OBJECTIVES: There is no consensus on specific serum 25-hydroxy vitamin D (25(OH) D) levels associated with higher risk of severe outcome in patients with coronavirus disease 2019 (COVID-19). According to the literature patients with serum 25(OH) D levels <12 ng/ml are clearly deficient at all ages. Our aim was to assess COVID-19 mortality in the settings of severe 25(OH) D deficiency. A cohort study of 357 patients with COVID-19 was conducted. Subjects were monitored until discharge or in-hospital death. At admission, severity parameters (C-reactive protein (CRP), IL-6, Charlson comorbidity index, etc.) were assessed. These parameters were compared regarding 25(OH) D levels threshold 12 ng/ml, where values below 12 ng/ml were considered absolute vitamin D deficiency. RESULTS: 25(OH) D levels at the time of admission were independently associated with mortality (p <0.05). Nonsurvivors (N = 168) had lower 25(OH) D levels, SO2, higher age, CRP, viral load, and Charlson comorbidity index in comparison to survivors. Patients with serum 25(OH) D levels <12 ng/ml had higher mortality (55% vs 45 %), viral load (21.5 vs 23.1), and Charlson comorbidity index (5.3 vs 4.4) than those with serum 25(OH) D levels >12 ng/ml (p <0.05). CONCLUSIONS: Patients with COVID-19 with serum 25(OH) D levels <12 ng/ml have higher mortality. Among other factors, severe vitamin D deficiency likely leads to poor outcome.


Subject(s)
COVID-19 , Vitamin D Deficiency , Cohort Studies , Hospital Mortality , Humans , Retrospective Studies , SARS-CoV-2 , Vitamin D/analogs & derivatives , Vitamin D Deficiency/complications
7.
J Clin Endocrinol Metab ; 107(5): 1484-1502, 2022 Apr 19.
Article in English | MEDLINE | ID: covidwho-1566540

ABSTRACT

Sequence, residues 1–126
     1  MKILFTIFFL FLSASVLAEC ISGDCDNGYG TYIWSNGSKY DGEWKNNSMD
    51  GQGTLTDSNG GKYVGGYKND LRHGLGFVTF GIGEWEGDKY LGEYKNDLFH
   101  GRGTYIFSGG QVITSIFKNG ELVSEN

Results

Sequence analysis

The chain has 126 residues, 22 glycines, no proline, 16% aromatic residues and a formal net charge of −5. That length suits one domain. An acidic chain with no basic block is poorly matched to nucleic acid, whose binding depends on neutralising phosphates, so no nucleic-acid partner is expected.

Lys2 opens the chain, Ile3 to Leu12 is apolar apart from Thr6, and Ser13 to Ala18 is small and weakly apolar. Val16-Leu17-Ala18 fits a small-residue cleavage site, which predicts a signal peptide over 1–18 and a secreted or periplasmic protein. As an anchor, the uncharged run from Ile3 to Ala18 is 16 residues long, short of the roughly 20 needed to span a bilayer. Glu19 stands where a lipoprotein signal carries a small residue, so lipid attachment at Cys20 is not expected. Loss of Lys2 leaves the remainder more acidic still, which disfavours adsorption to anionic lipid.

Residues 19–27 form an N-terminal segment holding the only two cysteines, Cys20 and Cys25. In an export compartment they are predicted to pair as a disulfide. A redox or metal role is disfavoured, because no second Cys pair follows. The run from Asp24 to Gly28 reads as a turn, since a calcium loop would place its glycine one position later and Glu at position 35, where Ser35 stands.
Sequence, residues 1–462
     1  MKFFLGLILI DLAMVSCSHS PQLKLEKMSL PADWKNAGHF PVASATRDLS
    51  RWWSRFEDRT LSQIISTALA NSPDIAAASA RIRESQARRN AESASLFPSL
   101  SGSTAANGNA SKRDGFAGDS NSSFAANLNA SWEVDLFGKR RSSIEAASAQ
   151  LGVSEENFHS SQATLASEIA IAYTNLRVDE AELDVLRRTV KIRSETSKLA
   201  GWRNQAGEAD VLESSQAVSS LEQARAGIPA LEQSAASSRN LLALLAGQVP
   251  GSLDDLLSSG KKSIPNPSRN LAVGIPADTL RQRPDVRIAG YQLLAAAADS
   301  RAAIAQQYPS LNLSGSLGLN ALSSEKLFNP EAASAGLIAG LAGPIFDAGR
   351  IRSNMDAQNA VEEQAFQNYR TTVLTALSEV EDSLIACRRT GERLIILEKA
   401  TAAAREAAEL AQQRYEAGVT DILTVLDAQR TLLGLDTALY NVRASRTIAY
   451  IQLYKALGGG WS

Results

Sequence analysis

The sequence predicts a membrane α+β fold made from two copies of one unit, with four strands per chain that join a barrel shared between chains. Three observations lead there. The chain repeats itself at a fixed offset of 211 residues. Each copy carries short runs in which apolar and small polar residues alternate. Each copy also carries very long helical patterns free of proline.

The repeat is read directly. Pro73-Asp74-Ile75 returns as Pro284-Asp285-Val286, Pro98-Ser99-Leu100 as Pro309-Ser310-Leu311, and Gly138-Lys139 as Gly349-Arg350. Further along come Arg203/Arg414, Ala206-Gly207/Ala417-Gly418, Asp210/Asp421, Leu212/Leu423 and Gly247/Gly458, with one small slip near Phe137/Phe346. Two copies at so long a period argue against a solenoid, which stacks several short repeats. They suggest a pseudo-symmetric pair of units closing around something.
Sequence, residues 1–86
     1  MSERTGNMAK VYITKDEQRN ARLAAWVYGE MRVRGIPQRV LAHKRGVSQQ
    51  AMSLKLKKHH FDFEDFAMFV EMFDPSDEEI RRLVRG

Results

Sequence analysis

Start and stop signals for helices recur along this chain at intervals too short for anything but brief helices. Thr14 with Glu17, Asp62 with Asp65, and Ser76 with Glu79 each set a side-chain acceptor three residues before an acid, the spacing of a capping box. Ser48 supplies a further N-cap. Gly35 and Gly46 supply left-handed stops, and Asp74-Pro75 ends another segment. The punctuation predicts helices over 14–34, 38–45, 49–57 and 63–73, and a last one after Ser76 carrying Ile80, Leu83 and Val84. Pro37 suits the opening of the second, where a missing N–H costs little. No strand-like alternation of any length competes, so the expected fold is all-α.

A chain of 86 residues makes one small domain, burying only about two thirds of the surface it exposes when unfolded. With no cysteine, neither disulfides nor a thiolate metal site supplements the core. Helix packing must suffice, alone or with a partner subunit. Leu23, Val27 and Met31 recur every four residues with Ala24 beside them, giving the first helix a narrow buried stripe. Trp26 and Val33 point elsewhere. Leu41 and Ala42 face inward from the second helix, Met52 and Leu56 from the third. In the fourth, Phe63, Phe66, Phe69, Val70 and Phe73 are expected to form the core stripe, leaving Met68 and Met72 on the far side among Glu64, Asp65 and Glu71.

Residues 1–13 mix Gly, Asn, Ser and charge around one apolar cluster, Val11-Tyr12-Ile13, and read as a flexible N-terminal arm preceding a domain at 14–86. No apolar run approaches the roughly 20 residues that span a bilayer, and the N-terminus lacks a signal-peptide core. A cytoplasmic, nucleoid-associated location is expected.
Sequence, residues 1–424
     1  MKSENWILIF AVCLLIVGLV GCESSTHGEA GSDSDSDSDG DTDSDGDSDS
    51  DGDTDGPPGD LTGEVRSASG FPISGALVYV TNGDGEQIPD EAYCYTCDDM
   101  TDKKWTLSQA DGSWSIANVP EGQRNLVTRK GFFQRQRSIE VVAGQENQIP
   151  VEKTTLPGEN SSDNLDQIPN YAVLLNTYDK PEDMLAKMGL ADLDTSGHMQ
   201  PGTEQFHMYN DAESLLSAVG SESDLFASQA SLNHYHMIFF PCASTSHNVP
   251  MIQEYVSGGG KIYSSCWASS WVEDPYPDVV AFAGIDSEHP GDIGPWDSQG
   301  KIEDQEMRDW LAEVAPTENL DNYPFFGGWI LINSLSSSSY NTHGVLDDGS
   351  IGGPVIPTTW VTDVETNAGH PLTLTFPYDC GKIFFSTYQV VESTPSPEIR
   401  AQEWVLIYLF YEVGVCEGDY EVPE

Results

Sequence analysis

PURPOSE: Vitamin D deficiency/insufficiency may increase the susceptibility to coronavirus disease 2019 (COVID-19). We aimed to determine the association between vitamin D deficiency/insufficiency and susceptibility to COVID-19, its severity, mortality, and role of vitamin D in its treatment. METHODS: We searched CINAHL, Cochrane library, EMBASE, PubMED, Scopus, and Web of Science up to May 30, 2021, for observational studies on association between vitamin D deficiency/insufficiency and susceptibility to COVID-19, severe disease, and death among adults, and, randomized controlled trials (RCTs) comparing vitamin D treatment against standard care or placebo, in improving severity or mortality among adults with COVID-19. Risk of bias was assessed using Newcastle-Ottawa scale for observational studies and AUB-KQ1 Cochrane tool for RCTs. Study-level data were analyzed using RevMan 5.3 and R (v4.1.0). Heterogeneity was determined by I2 and sources were explored through prespecified sensitivity analyses, subgroup analyses, and meta-regressions. RESULTS: Of 1877 search results, 76 studies satisfying eligibility criteria were included. Seventy-two observational studies were included in the meta-analysis (n = 1 976 099). Vitamin D deficiency/insufficiency increased the odds of developing COVID-19 (odds ratio [OR] 1.46; 95% CI, 1.28-1.65; P < 0.0001; I2 = 92%), severe disease (OR 1.90; 95% CI, 1.52-2.38; P < 0.0001; I2 = 81%), and death (OR 2.07; 95% CI, 1.28-3.35; P = 0.003; I2 = 73%). The 25-hydroxy vitamin D concentrations were lower in individuals with COVID-19 compared with controls (mean difference [MD] -3.85 ng/mL; 95% CI, -5.44 to -2.26; P ≤ 0.0001), in patients with severe COVID-19 compared with controls with nonsevere COVID-19 (MD -4.84 ng/mL; 95% CI, -7.32 to -2.35; P = 0.0001) and in nonsurvivors compared with survivors (MD -4.80 ng/mL; 95% CI, -7.89 to -1.71; P = 0.002). The association between vitamin D deficiency/insufficiency and death was insignificant when studies with high risk of bias or studies reporting unadjusted effect estimates were excluded. Risk of bias and heterogeneity were high across all analyses. Discrepancies in timing of vitamin D testing, definitions of severe COVID-19, and vitamin D deficiency/insufficiency partly explained the heterogeneity. Four RCTs were widely heterogeneous precluding meta-analysis. CONCLUSION: Multiple observational studies involving nearly 2 million adults suggest vitamin D deficiency/insufficiency increases susceptibility to COVID-19 and severe COVID-19, although with a high risk of bias and heterogeneity. Association with mortality was less robust. Heterogeneity in RCTs precluded their meta-analysis.